[R-meta] Direction of the effect sizes
Miguel García Kml
migueline at gmail.com
Wed Dec 6 18:57:09 CET 2017
Thank you very much for your help. What I did was to do the meta-analysis
by groups to avoid this problem, but due to my inexperience I wanted to be
sure that it was correct and my question made sense.
However, I still worry about the sign, especially in the meta-regression
since, for example, longer exposure times will produce larger effects (both
positive and negative, depending on the music and task), and if I do not
use the absolute values the effects will be canceled, implying something
that is not correct. Does this reasoning make any sense?
2017-12-05 14:16 GMT+01:00 Michael Dewey <lists at dewey.myzen.co.uk>:
> Dear Miguel
> I think the answer is going to depend on exactly what analysis you are
> doing. If you analyse the studies in several separate m-a then I do not see
> any problem as the differences come out in the interpretation. If you are
> going to do a multi-level m-a with both outcomes and both interventions
> included then the problem will be taken care of by the effect of the
> moderators and possibly their interaction.
> I can see that things may in some cases be made easier by reflecting the
> effect sizes (multiplying by -1) for some groups of studies but I find it
> hard to think of a problem which would be solved by using absolute values.
> I suppose if you were trying to detect a form of bias which meant that too
> few studies near the null were available it might be necessary.
> On 05/12/2017 10:32, Miguel García Kml wrote:
>> Hello everyone!
>> A doubt has arisen that is perhaps quite basic/absurd, but which takes me
>> into my head for a while. I will try to explain my doubt in the simplest
>> Imagine that we have two styles of music (let's say classical and rock)
>> different psychological measures (scores in a memory task and levels of
>> anxiety). Suppose that classical music is tremendously relaxing and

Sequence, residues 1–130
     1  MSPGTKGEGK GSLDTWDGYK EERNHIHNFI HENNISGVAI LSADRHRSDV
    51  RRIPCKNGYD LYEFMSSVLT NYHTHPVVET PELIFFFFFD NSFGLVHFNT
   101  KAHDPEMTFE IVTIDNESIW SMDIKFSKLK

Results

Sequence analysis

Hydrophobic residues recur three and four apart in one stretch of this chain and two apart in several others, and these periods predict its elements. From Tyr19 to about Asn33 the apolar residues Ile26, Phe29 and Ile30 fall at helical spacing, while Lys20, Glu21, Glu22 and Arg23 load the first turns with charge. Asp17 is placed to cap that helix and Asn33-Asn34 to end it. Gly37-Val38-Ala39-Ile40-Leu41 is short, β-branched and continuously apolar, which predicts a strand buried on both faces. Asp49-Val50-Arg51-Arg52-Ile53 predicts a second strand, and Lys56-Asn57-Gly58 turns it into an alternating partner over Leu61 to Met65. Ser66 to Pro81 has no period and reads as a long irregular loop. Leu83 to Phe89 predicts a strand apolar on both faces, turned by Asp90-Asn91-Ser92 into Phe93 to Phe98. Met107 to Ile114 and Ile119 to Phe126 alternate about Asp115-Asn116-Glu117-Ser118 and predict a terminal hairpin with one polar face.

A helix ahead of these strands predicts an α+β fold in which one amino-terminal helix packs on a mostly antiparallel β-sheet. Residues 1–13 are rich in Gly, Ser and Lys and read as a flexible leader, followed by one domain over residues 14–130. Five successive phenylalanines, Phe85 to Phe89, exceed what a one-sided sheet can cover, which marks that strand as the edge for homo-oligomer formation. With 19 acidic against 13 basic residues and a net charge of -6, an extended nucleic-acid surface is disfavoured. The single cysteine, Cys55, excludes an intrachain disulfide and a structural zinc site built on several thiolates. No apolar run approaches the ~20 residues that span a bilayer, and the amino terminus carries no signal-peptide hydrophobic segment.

>> therefore reduces anxiety levels, but it will worsen the results in memory
>> tasks. On the other hand, rock music will increase anxiety levels, but
>> improve memorization. In this way, studies would display positive and
>> negative effect sizes in memory scores and anxiety, which indicates
>> effectiveness, no matter what the direction is (strange example, but it is
>> easier to understand that way).
>> Two doubts arise regarding this:
>> 1) Should I use the absolute values of the effect size? since, although
>> some ES are negative, it indicates effectiveness as a whole (my
>> meta-analysis is about effectiveness). For instance, classical music
>> exposure might display relaxing effects (+ES) that are incompatible with
>> memorization (-ES), but as a whole, it shows effectiveness regardless of
>> the direction of the effect size.
>> 2) If I should use the absolute values, should I use them in all the
>> analyzes? (i.e., meta-regression, funnel plot, influence diagnosis, etc.)
>> Or perhaps just in the regression analysis to be able to explain the
>> heterogeneity in terms of effectiveness? I am confused.
>> I hope that I have explained my question correctly, and I apologize if
>> too obvious. Thank you very much!
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